Tesla Powerwall

Post anything about batteries here. Lead acid, rechargeable, whatever.
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john3voltas
Posts: 7
Joined: Mon Feb 09, 2015 2:50 am

Tesla Powerwall

Post by john3voltas » Sun Jan 10, 2016 5:06 pm

Greetings.
Even though I've registered for some time already I still haven't ventured on a solar+battery project.
I have several reasons why I still haven't tried it:
1-I live on a flat of a tall building and aside from 1 balcony I don't have a place for the solar panels.
2-My knowledge on electricity is basically 0.
3-My DIY skills are also close to 0.

But the main reason is I have a toddler in the house and I am afraid I would put her in danger with the batteries and cabling insulation.
You all must know Tesla very well. To me it seems a bit like the Apple of the electricity. They usually pick others' ideas, wrap them inside a nice plastic shell and sell it for 3 or 4 times the initial price. Sounds a bit like Apple doesn't it?
Anyway this time around they have launched a "new" product that is supposed to revolutionize every home: the powerwall.
Apparently it's a set of Lithium batteries that achieve 7kWh. Here's a link to their site https://www.teslamotors.com/powerwall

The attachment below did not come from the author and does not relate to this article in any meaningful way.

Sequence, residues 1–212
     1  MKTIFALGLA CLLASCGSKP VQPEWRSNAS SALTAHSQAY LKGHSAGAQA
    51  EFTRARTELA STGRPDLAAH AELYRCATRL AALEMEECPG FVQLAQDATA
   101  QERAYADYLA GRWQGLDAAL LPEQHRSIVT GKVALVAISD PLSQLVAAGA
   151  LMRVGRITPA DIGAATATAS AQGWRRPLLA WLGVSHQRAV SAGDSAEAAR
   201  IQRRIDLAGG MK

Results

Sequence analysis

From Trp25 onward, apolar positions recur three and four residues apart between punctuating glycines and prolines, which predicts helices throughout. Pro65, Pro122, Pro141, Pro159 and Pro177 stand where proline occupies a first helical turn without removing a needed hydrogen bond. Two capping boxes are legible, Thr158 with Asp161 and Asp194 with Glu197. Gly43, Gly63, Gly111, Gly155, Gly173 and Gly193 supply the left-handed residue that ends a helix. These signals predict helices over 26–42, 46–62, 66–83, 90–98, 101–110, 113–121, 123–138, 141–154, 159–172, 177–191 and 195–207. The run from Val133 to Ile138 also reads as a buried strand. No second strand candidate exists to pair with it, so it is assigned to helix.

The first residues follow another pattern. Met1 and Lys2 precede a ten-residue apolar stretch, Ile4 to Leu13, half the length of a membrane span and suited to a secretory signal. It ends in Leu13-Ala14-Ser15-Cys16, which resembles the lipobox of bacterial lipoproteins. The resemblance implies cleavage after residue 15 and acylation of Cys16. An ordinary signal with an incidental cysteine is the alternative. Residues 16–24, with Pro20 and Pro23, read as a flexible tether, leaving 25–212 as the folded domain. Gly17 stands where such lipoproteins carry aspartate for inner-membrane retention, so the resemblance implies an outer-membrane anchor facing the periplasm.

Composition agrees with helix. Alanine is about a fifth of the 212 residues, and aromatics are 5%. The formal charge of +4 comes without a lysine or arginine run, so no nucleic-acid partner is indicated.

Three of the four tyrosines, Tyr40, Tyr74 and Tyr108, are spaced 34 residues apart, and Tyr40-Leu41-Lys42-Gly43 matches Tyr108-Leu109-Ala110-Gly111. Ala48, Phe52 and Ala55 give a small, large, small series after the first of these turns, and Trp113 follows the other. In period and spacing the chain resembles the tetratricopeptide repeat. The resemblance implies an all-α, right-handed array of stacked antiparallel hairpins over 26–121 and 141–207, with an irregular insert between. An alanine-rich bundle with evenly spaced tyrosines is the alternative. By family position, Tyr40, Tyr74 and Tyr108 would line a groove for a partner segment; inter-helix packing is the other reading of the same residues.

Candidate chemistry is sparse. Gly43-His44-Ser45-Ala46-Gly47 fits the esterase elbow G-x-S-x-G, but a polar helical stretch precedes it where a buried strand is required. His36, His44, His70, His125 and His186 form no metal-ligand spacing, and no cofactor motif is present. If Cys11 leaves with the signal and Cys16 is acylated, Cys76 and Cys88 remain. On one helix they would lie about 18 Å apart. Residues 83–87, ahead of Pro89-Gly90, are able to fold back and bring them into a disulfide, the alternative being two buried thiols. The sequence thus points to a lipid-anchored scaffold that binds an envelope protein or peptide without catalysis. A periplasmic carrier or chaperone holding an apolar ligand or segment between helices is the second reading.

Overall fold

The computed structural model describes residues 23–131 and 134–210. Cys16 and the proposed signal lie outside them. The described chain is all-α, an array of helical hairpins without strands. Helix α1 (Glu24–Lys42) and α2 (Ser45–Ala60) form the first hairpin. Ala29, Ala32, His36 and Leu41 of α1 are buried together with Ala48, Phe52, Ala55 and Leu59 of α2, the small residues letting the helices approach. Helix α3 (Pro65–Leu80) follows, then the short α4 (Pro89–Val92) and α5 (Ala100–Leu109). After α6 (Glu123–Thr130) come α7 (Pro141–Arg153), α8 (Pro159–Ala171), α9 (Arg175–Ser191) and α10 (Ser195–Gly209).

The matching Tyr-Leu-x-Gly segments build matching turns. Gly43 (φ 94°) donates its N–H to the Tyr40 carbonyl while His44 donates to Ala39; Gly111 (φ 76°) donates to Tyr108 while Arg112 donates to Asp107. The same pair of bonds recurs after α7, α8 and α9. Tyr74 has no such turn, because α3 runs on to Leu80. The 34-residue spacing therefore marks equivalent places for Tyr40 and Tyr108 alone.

Anyone knows this product? How would it rate versus a lead acid battery set?
At least it's gotta be a safe product right? They give 10 years warranty and say we can mount it indoors.
I guess 7kWh would do for me since my bill averages 4.5kWh per day...

Code: Select all

    Technology
    Wall mounted, rechargeable lithium ion battery with liquid thermal control.
    Model
    7 kWh $3,000 For daily cycle applications
    Warranty
    Ten years
    Efficiency
    92% round-trip DC efficiency
    Power
    3.3 kW
    Voltage
    350 – 450 volts
    Current
    9.5 amperes

techman
Site Admin
Posts: 1322
Joined: Thu Dec 22, 2011 11:49 am

Re: Tesla Powerwall

Post by techman » Thu Jan 14, 2016 12:17 pm